Thursday, November 24, 2016

1916 Thanksgiving Grocery Ad Shows Frequent Corner Stores

The Thanksgiving ad from 1916 shows part of the network of old neighborhood grocery stores. I don't think there's any great lesson here, but it is interesting to think about how they were spaced more for walking distances than driving distances.

November 27th, 1916
Here are the businesses and addresses keyed to the current map of Salem.
Hardly any of the storefronts remain, and most of the lots have been redeveloped, either with newer houses or with larger commercial development. While it's not possible at the moment to dive very deeply into any of these, as corner grocery stores in the context of pre-autoist neighborhoods a few are immediately interesting.

Ward Richardson's cabbagery is located on Hickory and Front, right in the footprint of the Salem Alternative. It would have been ruralish in 1916. Melwood's would have been in the old Hollywood neighborhood before urban "renewal," and Harlan's near the train depot before the Hospital razed everything in that neighborhood. The Highland Grocery is right by the old Herbert Hoover house. Schmid's is on the old Geer line. Streetcar routes are nearby many of them, too.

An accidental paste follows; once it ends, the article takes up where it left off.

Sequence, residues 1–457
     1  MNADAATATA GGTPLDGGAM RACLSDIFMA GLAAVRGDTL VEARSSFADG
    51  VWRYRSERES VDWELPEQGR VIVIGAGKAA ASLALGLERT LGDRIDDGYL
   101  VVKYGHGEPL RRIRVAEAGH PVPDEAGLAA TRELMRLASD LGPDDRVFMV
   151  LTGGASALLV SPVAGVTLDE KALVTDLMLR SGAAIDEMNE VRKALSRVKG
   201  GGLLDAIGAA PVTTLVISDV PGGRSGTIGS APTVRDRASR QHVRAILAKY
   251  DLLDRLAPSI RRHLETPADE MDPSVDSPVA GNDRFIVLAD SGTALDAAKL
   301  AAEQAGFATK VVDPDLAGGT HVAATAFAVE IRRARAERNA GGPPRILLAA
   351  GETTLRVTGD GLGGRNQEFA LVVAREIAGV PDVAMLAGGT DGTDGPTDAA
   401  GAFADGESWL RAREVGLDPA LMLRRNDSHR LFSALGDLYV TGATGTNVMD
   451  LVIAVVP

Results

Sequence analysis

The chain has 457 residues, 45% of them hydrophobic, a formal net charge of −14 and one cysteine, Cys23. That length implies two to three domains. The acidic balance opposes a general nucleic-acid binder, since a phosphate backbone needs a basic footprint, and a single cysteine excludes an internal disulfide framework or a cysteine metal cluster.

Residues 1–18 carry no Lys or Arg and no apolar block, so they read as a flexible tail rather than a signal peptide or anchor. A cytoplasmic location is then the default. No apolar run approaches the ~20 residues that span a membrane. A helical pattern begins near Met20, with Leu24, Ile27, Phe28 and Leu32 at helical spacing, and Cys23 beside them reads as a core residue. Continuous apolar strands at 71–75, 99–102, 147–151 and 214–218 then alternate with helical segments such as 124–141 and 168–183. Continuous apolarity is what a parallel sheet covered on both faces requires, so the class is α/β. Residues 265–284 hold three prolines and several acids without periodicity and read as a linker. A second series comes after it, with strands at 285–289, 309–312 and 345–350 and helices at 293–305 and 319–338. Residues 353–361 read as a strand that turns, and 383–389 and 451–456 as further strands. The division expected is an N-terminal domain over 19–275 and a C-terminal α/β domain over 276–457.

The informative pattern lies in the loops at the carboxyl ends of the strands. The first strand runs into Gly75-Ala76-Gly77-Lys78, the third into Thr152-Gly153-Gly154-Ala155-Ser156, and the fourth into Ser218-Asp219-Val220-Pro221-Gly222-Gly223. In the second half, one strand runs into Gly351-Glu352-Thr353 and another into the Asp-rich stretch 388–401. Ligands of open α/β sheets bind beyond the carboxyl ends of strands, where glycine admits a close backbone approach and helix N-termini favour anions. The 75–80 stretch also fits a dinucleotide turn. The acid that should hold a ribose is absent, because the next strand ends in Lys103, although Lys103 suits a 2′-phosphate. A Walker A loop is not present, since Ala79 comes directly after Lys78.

The ad, with its gauzy, swirling pilgrim figure, I read as influenced by art nouveau. If you love design and art history, maybe you'll be able to characterize it better. It's a striking contrast from the more conventional, and somewhat grim, iconography of 1915.

November 20th, 1915
Maybe with war on the horizon, the chopping block wasn't so funny any more.

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